Kamishibai Corner

Thoughts, musings and discussions weekly about kamishibai, Illustrating, and picture books.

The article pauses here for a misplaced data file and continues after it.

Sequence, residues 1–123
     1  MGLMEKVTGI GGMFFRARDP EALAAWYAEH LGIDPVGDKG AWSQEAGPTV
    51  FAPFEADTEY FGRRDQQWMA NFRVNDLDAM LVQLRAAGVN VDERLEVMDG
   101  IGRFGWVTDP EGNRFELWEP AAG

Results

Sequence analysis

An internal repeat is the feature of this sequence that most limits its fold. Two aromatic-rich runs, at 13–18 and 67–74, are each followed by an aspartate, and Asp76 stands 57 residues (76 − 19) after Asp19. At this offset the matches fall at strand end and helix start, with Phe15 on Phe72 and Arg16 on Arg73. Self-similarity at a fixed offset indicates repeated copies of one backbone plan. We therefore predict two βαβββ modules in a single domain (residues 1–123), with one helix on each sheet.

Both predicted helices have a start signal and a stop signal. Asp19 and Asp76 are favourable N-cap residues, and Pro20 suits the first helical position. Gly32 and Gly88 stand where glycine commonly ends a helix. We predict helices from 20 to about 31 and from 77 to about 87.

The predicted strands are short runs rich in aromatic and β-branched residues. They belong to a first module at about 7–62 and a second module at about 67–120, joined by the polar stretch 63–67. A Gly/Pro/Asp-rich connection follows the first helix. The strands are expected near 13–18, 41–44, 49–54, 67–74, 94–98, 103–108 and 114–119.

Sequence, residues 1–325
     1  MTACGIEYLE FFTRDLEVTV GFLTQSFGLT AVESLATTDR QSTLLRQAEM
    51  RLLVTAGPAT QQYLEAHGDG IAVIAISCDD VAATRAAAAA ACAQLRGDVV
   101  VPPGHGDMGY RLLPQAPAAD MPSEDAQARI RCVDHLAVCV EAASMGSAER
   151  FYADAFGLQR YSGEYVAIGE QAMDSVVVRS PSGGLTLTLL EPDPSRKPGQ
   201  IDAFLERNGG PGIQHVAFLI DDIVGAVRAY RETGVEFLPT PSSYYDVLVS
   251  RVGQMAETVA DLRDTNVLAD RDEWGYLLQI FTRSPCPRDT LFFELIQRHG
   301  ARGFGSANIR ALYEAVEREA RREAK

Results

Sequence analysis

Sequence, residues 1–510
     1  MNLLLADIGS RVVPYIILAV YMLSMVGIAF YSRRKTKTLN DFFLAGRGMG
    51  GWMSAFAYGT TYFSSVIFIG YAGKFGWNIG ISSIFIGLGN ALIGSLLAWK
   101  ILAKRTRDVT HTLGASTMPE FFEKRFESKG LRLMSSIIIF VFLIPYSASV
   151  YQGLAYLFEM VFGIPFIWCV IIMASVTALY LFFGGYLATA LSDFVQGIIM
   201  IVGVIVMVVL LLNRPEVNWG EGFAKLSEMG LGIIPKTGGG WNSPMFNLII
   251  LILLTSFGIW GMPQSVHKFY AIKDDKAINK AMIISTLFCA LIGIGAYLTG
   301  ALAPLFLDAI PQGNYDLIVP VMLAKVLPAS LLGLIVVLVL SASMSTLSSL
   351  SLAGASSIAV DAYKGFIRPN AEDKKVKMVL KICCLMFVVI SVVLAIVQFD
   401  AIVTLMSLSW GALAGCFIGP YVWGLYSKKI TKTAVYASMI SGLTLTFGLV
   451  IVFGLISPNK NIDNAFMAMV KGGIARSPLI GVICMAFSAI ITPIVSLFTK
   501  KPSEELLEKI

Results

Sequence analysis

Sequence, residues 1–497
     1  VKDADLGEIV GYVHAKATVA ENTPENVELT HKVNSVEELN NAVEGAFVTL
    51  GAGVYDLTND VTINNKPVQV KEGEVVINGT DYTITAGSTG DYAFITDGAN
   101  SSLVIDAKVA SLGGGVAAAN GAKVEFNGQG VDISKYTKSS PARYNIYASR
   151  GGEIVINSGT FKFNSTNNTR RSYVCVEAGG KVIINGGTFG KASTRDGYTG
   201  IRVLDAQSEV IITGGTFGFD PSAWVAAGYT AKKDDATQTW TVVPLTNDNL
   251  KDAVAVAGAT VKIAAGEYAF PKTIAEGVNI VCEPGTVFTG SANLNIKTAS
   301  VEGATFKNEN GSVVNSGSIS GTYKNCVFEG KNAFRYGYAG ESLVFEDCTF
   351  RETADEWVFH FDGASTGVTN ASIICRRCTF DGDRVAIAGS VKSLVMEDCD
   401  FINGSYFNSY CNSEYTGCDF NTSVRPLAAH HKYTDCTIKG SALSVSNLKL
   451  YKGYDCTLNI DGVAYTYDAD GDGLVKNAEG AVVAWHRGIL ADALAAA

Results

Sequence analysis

Before I get back to the subject of Kamishibai’s 100 year anniversary, I would like to take a moment to honor Children’s Day (子どもの日), which is celebrated in Japan on May 5th. Many years ago, the Japan Society in New York, asked me to write a series of short essays on all the Nenchu goji (年中行事)or annual festivals in Japan. I recently checked their website to see if those essays are still available and was delighted to see that they are still there in their “About Japan Teacher Resources”, but possibly not that easy to find. So here is the link to the one I wrote for Children’s Day, and this is how it begins: Children’s Day is the third of the five seasonal festivals (gosekku) that originally came to Japan in the 6th century along with the Chinese calendar. In China, the fifth day of the fifth month was thought to be heavily yang (as opposed to even numbers, which are yin), a coincidence that was considered auspicious but also potentially dangerous. According to the Chinese lunar calendar, this day would have fallen closer to the middle of June around the beginning of the rainy season, and this seasonal shift could cause instability and make people more vulnerable to illness and misfortune. The Chinese name for the festival, pronounced Tango no sekku (端午の節句) in Japanese, is still commonly used today. I would also like to share a kamishibai story I created for Children’s Day to explain why the carp is such an important symbol. It is called “How Dragons Came to Be,” which seems especially fitting since it is also the year of the dragon!